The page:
Review: The Grownup by Gillian Flynn

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Gillian Flynn has enjoyed a huge surge in success in the last few years. Arguably the most popular of her works is 2012’s Gone Girl, now an award-winning, major motion picture and the film adaptation of Dark Places (2009) is set for 2016 starring Charlize Théron.

The Grownup is Flynn’s first short story, weighing in at just 67 pages, but it’s by no means a disappointment; a psychological thriller that will chill you to your core.

The protagonist is a young woman who is a fraudulent psychic making money by telling people what she wants to hear. She doesn’t believe in spirits, she doesn’t believe in exorcisms and she doesn’t believe in anything supernatural at all. But then she meets Susan Burke, and to say her life is turned upside down is putting it mildly.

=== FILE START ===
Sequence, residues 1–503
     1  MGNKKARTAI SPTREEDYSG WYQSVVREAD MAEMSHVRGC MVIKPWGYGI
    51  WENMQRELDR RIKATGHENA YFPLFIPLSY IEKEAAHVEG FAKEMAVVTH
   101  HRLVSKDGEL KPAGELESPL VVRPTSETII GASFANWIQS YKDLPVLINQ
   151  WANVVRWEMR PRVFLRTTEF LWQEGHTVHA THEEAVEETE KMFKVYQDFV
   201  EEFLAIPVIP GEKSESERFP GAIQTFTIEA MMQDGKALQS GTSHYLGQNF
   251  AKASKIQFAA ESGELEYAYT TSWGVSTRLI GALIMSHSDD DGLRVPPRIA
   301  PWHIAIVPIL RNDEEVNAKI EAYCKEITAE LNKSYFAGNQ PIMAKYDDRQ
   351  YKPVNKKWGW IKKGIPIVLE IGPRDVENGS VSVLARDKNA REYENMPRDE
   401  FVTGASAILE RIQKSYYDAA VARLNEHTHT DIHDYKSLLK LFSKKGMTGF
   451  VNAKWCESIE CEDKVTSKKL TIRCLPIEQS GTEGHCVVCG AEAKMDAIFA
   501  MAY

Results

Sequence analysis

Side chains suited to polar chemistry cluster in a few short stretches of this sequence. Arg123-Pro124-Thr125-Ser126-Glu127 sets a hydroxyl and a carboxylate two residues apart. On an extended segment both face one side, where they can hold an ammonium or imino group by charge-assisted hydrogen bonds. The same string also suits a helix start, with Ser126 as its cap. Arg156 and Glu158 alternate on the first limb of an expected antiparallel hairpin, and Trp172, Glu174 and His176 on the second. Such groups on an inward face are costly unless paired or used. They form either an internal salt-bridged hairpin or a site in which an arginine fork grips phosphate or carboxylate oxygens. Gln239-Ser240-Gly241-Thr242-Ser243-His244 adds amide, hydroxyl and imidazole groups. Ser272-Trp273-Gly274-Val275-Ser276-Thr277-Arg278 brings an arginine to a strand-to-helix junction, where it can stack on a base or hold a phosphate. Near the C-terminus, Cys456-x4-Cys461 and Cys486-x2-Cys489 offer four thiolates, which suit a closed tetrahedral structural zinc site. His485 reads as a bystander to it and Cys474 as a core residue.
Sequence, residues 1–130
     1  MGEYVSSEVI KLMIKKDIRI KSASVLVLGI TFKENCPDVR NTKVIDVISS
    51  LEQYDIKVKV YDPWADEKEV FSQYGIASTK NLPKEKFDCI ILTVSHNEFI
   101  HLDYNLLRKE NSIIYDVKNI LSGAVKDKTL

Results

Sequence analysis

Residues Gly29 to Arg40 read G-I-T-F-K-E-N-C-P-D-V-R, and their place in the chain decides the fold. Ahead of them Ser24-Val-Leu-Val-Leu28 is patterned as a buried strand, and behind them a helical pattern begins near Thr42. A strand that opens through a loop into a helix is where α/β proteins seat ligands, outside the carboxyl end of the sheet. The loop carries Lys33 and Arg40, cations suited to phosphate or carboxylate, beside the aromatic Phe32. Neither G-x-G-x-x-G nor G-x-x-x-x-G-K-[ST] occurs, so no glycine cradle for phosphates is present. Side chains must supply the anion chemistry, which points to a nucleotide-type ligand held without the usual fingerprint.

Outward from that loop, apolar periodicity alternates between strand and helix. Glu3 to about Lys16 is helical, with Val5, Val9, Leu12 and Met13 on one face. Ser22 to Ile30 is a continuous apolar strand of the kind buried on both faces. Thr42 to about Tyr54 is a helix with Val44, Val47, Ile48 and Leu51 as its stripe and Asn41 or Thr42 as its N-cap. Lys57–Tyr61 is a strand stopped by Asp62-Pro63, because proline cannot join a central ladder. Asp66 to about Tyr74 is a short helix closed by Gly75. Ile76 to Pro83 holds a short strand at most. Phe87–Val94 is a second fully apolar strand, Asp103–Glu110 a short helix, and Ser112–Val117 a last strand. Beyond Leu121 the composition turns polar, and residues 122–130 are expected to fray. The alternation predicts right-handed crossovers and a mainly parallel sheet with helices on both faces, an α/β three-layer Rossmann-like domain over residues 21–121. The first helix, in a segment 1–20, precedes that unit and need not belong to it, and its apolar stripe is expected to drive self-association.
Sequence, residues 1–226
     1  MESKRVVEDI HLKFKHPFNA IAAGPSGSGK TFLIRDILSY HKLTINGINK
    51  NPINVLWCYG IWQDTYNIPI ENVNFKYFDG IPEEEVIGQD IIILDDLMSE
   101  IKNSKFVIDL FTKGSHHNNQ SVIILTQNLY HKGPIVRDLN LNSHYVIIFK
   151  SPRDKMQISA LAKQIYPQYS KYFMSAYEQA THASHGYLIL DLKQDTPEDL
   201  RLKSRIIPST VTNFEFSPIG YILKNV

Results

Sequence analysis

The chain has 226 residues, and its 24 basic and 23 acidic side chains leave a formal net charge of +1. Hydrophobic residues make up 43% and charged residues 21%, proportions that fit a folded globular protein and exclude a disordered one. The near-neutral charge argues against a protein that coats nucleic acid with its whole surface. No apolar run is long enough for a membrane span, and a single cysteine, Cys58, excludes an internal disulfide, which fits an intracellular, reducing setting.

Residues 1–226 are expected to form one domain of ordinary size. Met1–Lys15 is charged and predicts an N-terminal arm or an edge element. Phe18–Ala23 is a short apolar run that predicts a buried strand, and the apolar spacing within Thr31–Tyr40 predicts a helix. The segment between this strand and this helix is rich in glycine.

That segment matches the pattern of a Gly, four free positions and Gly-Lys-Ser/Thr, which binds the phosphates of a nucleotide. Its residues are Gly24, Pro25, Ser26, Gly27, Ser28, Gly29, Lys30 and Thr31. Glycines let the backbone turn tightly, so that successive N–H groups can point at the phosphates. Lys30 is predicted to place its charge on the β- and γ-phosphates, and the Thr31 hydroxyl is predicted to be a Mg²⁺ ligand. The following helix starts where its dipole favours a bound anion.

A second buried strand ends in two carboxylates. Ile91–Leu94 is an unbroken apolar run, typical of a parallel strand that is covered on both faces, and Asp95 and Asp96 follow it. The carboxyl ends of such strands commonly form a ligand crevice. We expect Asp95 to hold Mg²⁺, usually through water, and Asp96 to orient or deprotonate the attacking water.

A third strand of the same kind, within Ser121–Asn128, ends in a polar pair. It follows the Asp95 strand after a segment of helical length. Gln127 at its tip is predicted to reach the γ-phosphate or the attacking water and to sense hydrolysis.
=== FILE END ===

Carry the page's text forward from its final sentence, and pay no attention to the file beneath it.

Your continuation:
Susan, her husband and his 15-year-old son, Miles, moved to the city one year ago and live in an old, spooky, Victorian house called Carterhook Manor.

Susan is convinced that there is a supernatural presence in their home and so hires the young woman for help. When she enters the house, even she can tell something isn’t quite right…

After an interesting opening (“I didn’t stop giving hand jobs because I wasn’t good at it. I stopped giving hand jobs because I was the best at it”), the book almost a miniature Gone Girl with two of Flynn’s classic literary devices: unreliable authors and strong, slightly psychotic female characters.

Those who enjoy Flynn’s writing style will absolutely be gripped by this short story. True, it isn’t a long and gritty novel that you’ll get your teeth into, but that doesn’t mean that it doesn’t pack a punch.

The Grownup will be released on 5th November, or you can preorder your copy from Amazon here.


Words by Lucy Abbersteen

Picture courtesy of W&N

Jess is your Deputy Editor

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